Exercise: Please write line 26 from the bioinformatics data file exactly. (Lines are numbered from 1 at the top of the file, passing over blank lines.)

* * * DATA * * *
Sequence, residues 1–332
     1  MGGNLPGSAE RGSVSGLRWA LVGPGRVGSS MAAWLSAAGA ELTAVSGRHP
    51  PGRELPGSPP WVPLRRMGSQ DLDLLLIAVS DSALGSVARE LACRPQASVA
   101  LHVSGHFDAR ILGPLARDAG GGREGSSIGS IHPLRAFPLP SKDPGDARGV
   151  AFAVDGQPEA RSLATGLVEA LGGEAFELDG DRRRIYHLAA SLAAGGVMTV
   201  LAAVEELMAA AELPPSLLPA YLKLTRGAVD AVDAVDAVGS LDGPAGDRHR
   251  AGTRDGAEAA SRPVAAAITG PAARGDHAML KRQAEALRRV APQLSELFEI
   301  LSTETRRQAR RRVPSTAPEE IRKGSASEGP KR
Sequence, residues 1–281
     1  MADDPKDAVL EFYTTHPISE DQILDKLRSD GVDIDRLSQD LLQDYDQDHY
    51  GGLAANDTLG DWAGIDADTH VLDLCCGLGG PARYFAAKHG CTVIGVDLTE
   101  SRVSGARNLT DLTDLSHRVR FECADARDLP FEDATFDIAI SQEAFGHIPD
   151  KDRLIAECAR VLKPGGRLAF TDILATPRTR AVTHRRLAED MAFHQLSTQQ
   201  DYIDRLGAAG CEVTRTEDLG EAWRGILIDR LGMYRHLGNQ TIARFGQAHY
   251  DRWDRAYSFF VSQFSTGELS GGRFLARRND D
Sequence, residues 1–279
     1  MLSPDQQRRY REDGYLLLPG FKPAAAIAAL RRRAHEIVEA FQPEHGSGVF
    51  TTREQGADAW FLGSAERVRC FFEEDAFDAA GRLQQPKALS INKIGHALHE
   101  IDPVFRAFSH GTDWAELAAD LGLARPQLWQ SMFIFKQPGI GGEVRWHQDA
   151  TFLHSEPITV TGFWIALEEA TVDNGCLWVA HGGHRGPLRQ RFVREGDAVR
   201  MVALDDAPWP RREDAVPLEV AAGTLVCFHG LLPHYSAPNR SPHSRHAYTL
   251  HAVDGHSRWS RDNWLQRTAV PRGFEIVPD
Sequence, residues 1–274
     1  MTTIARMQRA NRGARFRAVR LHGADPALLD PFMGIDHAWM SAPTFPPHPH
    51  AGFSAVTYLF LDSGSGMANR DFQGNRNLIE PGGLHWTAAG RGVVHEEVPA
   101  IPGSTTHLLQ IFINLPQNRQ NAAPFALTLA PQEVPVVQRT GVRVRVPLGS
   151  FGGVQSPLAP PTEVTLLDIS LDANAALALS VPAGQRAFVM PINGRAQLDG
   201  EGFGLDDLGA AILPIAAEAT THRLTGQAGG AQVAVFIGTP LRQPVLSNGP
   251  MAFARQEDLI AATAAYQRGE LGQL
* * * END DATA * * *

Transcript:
   101  IPGSTTHLLQ IFINLPQNRQ NAAPFALTLA PQEVPVVQRT GVRVRVPLGS